ArticlePDF Available

Cyclin D1 and PRAME expression in distinguishing melanoma in situ from benign melanocytic proliferation of the nail unit

Authors:

Abstract and Figures

Background Distinguishing benign lesion from early malignancy in melanocytic lesions of the nail unit still remains a diagnostic challenge, both clinically and histopathologically. While several immunohistochemistry (IHC) stainings have been suggested to help discriminate benign subungual melanocytic proliferation (SMP) and subungual melanoma in situ (MIS), the diagnostic utility of IHC staining for cyclin D1 and PRAME has not been thoroughly investigated in melanocytic lesions of nail unit. Methods This retrospective study included cases of benign SMP and subungual MIS confirmed by biopsy at Asan Medical Center from January 2016 to December 2020. Cases of melanocytic activation without proliferation and melanoma where dermal invasion was identified were excluded. Cyclin D1 and PRAME expression was assessed by counting proportion of melanocytes with nuclear positivity under 200x magnification. Results A total of 14 patients with benign SMP and 13 patients with subungual MIS were included in this study. 11 patients with benign SMP (71.4%) and 5 patients with subungual MIS (38.5%) showed > 60% nuclear immunostaining for cyclin D1, respectively. While 13 patients with benign SMP (92.9%) showed totally negative staining for PRAME, 10 patients with subungual MIS (76.9%) exhibited > 50% nuclear immunostaining for PRAME. Using the cutoff of 10%, PRAME exhibited good overall discrimination between benign SMP and subungual MIS (AUC = 0.849, 95% CI = 0.659–0.957). Conclusions This study suggests that PRAME IHC staining as a reliable discriminator in distinguishing subungual MIS from benign SMP.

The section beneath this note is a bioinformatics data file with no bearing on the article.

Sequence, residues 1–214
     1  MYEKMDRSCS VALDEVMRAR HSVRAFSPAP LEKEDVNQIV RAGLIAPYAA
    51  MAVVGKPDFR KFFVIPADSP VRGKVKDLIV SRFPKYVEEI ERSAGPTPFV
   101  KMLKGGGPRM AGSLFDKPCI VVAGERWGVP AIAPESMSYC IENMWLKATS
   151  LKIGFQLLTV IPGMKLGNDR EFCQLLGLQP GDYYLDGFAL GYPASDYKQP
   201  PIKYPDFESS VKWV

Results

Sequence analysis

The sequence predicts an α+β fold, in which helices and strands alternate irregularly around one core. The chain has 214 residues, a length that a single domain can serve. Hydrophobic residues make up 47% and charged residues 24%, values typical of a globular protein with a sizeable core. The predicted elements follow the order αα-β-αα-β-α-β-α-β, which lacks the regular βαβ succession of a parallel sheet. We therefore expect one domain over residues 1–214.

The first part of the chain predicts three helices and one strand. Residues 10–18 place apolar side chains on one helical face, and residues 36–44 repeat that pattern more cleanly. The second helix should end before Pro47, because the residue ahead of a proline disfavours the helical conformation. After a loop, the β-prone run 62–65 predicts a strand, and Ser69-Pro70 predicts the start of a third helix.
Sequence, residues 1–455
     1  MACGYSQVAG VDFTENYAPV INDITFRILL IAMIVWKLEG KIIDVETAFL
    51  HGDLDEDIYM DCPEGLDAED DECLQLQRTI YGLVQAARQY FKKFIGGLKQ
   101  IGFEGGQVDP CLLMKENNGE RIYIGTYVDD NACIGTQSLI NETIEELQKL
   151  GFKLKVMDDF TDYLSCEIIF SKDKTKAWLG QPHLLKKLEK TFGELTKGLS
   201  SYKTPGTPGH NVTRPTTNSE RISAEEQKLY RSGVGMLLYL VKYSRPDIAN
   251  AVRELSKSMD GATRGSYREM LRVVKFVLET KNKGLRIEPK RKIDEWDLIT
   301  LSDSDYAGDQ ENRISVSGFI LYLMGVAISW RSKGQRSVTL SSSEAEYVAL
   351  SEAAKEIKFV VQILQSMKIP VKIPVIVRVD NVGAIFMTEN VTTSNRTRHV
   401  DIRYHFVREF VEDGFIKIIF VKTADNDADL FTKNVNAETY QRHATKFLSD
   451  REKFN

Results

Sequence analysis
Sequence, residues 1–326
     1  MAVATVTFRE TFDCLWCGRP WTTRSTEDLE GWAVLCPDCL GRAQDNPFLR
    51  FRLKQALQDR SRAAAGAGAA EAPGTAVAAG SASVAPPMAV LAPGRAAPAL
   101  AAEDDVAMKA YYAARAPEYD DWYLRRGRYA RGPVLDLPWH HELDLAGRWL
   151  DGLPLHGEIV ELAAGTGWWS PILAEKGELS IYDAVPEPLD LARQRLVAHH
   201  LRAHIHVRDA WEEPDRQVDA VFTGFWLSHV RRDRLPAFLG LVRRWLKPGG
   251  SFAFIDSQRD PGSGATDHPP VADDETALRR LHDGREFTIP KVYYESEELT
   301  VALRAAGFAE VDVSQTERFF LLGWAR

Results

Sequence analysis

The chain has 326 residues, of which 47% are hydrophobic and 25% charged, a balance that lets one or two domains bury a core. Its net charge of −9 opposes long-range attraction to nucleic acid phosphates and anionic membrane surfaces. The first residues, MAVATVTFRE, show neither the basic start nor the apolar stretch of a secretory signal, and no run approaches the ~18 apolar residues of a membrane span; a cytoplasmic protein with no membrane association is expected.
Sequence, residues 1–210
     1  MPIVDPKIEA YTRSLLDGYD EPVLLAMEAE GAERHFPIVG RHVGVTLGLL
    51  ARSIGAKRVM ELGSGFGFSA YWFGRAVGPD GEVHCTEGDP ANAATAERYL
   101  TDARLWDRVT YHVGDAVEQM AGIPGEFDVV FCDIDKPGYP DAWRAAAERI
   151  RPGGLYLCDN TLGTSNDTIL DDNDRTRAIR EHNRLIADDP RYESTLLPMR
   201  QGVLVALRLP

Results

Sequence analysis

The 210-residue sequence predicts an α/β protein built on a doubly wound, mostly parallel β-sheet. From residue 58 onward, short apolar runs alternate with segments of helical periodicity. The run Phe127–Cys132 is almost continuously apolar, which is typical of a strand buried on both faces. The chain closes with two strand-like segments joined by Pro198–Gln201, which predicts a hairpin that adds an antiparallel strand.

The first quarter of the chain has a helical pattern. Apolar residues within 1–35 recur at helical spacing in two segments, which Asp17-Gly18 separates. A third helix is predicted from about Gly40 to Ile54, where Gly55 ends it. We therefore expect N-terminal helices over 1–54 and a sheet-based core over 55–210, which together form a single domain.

This content is subject to copyright. Terms and conditions apply.
R E S E A R C H Open Access
Cyclin D1 and PRAME expression in
distinguishing melanoma in situ from
benign melanocytic proliferation of the nail
unit
Young Jae Kim
1
, Chang Jin Jung
1
, Hyoungmin Na
1
, Woo Jin Lee
1
, Sung Eun Chang
1
, Mi Woo Lee
1
,
Chan-Sik Park
2
, Youngkyoung Lim
1,3*
and Chong Hyun Won
1*
Abstract
Background: Distinguishing benign lesion from early malignancy in melanocytic lesions of the nail unit still
remains a diagnostic challenge, both clinically and histopathologically. While several immunohistochemistry (IHC)
stainings have been suggested to help discriminate benign subungual melanocytic proliferation (SMP) and
subungual melanoma in situ (MIS), the diagnostic utility of IHC staining for cyclin D1 and PRAME has not been
thoroughly investigated in melanocytic lesions of nail unit.